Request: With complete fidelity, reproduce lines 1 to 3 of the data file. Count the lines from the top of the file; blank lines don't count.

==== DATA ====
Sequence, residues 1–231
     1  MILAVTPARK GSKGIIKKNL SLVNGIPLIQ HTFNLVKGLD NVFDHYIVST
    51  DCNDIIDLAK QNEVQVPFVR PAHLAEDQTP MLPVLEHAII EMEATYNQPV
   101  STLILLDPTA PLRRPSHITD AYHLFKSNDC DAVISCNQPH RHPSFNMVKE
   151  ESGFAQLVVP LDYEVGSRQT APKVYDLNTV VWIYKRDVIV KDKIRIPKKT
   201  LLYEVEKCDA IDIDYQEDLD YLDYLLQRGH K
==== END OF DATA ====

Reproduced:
Sequence, residues 1–231
     1  MILAVTPARK GSKGIIKKNL SLVNGIPLIQ HTFNLVKGLD NVFDHYIVST
    51  DCNDIIDLAK QNEVQVPFVR PAHLAEDQTP MLPVLEHAII EMEATYNQPV